UN Security Council votes on Iran arms embargo, result Friday

The 15-member council has been operating virtually amid the coronavirus pandemic so states have 24 hours to cast a vote.

The United Nations Security Council meets about the situation in Venezuela in the Manhattan borough of New York City, New York, U.S., January 26, 2019 (photo credit: REUTERS/CARLO ALLEGRI)
The United Nations Security Council meets about the situation in Venezuela in the Manhattan borough of New York City, New York, U.S., January 26, 2019
(photo credit: REUTERS/CARLO ALLEGRI)
The United Nations Security Council started voting on Thursday on a US bid to extend an arms embargo on Iran, which is opposed by veto-powers Russia and China, and the result will be announced at a meeting on Friday, diplomats said.
The 15-member council has been operating virtually amid the coronavirus pandemic so states have 24 hours to cast a vote.
The 13-year-old arms embargo is due to expire in October under a 2015 nuclear deal among Iran, Russia, China, Germany, Britain, France and the United States that prevents Tehran from developing nuclear weapons in return for sanctions relief.
In a bid to gain more council support, the United States slashed its draft resolution on Tuesday to just four paragraphs that would simply extend a weapons ban on Tehran "until the Security Council decides otherwise," saying it's "essential to the maintenance of international peace and security."
But diplomats and analysts said the draft text was still likely to fail. To be adopted a resolution needs at least nine votes in favor and no vetoes by Russia, China, the United States, Britain or France.
If the United States is unsuccessful it has threatened to try and trigger a return of all UN sanctions on Iran using a provision in the nuclear deal, even though Washington quit the accord in 2018. The move could put the already fragile nuclear accord further at risk.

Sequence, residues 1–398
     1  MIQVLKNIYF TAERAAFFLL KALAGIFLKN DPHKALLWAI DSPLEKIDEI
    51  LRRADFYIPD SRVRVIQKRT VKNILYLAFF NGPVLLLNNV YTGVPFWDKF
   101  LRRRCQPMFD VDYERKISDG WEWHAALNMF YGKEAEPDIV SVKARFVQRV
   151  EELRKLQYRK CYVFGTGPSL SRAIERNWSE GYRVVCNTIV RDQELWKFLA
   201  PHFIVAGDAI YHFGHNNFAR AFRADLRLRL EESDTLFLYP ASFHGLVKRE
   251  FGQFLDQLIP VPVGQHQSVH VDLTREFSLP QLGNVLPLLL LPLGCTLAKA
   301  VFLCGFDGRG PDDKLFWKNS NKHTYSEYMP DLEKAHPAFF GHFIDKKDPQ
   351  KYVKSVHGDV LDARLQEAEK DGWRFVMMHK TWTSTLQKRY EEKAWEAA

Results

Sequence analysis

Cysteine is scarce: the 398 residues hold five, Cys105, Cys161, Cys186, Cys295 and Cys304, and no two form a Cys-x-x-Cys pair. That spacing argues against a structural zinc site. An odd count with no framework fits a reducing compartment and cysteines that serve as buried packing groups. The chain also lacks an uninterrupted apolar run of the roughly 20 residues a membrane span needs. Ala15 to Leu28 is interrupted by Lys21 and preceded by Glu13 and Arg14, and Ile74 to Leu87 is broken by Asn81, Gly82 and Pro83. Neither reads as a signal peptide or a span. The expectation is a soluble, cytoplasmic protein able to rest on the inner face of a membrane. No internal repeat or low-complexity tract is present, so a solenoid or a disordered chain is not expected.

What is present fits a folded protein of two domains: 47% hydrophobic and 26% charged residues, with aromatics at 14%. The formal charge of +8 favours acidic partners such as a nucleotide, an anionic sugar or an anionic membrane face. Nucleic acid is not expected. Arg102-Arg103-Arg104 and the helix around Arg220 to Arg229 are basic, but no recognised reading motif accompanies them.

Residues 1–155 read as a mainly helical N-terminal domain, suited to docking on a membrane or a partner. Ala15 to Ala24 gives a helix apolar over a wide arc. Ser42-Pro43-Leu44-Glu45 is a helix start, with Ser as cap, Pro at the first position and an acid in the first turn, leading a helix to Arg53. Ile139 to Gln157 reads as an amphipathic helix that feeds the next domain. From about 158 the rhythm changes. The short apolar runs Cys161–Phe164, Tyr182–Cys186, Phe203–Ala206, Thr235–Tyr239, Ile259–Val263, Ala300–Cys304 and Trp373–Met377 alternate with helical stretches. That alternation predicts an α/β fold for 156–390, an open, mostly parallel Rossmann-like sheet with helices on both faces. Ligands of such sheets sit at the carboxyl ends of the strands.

It was not immediately clear how Russia, China or any other Security Council members might try to stop the United States from triggering a return of all UN sanctions on Iran, known as snapback, or if - procedurally - there is any way that they can.
Diplomats warn the process would be tough and messy. They say several countries would argue that Washington legally could not activate a snapback of sanctions and therefore simply wouldn't reimpose the measures on Iran themselves.
Pompeo, on a visit to Austria, said Iran must also provide full and immediate cooperation with the International Atomic Energy Agency nuclear watchdog, whose head he was meeting in Vienna.
Some diplomats say the attempt to extend the ban is bound to fail and put an already fragile nuclear deal between Tehran and world powers further at risk.
"It makes no sense to permit the world's largest state sponsor of terrorism to purchase and sell weapons systems," Pompeo told a news conference. "I mean, that's just nuts."
Pompeo said he was urging the rest of the world to support the US stance.
"We are going to do everything that we can within our diplomatic tool set to ensure that arms embargo doesn't expire," he said.
"The voting will be in the next handful of hours and we are hoping that we will be successful. When we see the results we will make the decision about how to move forward.
"We have been unambiguous about the fact we no intention of allowing this arms embargo to expire. None whatsoever."
Pompeo welcomed the agreement between Israel and the United Arab Emirates to normalize diplomatic ties.
"It's an important step forward for Middle East stability," Pompeo said. "It's a good moment for the world and its security."